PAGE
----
DA Gets Inquiry into Priest Conduct
The Diocese of Scranton Turns the Investigation of Two Pike County Priests over to Lackawanna County Authorities

By Mark Guydish
Wilkes Barre Times Leader
February 27, 2002

SCRANTON - The Diocese of Scranton turned its investigation - reportedly of priest misconduct - over to the Lackawanna County district attorney, and has been named in separate lawsuit alleging sexual harassment by another priest.

Lackawanna County District Attorney Andy Jarbola confirmed Tuesday that the diocese chancellor contacted him "concerning a matter that we are looking into," but would not comment further because his office is conducting an investigation.

A spokeswoman at the diocese said no one was available to comment on the matter, but according to television reports, Bishop James Timlin had said that case involved two priests from the relatively new St. John's Society in Shohola Township, Pike County.

Last month Timlin confirmed two society priests had - as per diocese policy - been relieved of duty pending a review of allegations of sexual misconduct with minors.

Those allegations have been made and repeated frequently by Jeffrey Bond. Bond had been hired by the society to help establish a small Liberal Arts College, but broke away from the society last year.

Timlin said the priests have consistently denied the charges, and that an initial internal investigation found no conclusive evidence. That changed in January when the diocese received the name of an alleged victim, prompting the latest inquiry.

In a separate case, a lawsuit was filed against the diocese in U. S. District Court in Scranton alleging sexual harassment by a priest at the Villa St. Joseph in Dunmore.

The suit, filed Feb. 20 by Margaret Angeloni of Dunmore, names the diocese, Villa St. Joseph and "Rev. Hazzouri" - no first name - as defendants. According to the lawsuit paperwork:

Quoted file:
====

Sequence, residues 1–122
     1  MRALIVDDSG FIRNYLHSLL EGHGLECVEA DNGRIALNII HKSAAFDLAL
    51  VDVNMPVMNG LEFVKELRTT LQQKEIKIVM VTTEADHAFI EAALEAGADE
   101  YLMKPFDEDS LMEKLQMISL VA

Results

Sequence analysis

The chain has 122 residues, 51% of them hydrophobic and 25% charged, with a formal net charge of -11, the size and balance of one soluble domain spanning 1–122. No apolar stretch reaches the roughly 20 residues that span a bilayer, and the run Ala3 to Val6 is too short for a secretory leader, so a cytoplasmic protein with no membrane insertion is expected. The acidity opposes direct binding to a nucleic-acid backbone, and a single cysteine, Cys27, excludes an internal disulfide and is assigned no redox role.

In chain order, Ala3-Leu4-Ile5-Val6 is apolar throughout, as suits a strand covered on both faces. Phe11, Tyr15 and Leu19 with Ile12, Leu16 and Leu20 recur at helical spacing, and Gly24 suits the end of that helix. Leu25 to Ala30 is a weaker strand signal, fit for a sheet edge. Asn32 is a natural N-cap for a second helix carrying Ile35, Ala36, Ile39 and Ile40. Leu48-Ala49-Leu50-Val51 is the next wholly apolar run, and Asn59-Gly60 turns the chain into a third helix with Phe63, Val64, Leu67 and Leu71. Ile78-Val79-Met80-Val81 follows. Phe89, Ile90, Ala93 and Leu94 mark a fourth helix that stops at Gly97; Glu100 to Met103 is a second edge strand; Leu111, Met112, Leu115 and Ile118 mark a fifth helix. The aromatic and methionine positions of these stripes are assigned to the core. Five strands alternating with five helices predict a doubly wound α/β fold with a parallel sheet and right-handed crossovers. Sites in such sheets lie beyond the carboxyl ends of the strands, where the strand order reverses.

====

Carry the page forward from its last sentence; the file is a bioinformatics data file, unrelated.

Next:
Angeloni "reached the age of majority on Feb. 22, 2000" and was employed as a "dining room/kitchen server" at the Villa until Jan. 19, 1998. On several occasions Hazzouri touched Angeloni "in an inappropriate, sexual fashion."

Hazzouri's actions were "frequent," "consistent," "intentional" and "unwelcome." Hazzouri also attempted to engage Angeloni "in conversations about her personal life, including the identity of her boyfriend and where she spent her free time."

In July 1997, Angeloni told her supervisor at the villa about Hazzouri's actions, and the supervisor contacted Auxiliary Bishop John Dougherty, who met with Angeloni's parents and promised to address the matter and to tell Hazzouri not to discuss it with Angeloni without talking to her parents.

In December 1997 Hazzouri tried to discuss the matter with Angeloni, who contacted her supervisor immediately. Angeloni's mother met with Dougherty again and explained that her daughter "feared for her safety due to the conduct of Father Hazzouri"

During that meeting, "Dougherty informed (Angeloni's) mother that if (Angeloni) was fearful for her safety, then she should resign her position." Angeloni resigned Jan. 19, 1998.

The suit contends that Angeloni's resignation was "the direct result of sexual harassment" and that Dougherty's suggestion to resign "constitutes a constructive discharge."

The suit seeks back pay, compensatory damages and legal fees in excess of $75,000.

There was no answer at Villa St. Joseph on Tuesday evening. Angeloni's number was not listed in the Scranton phone book.


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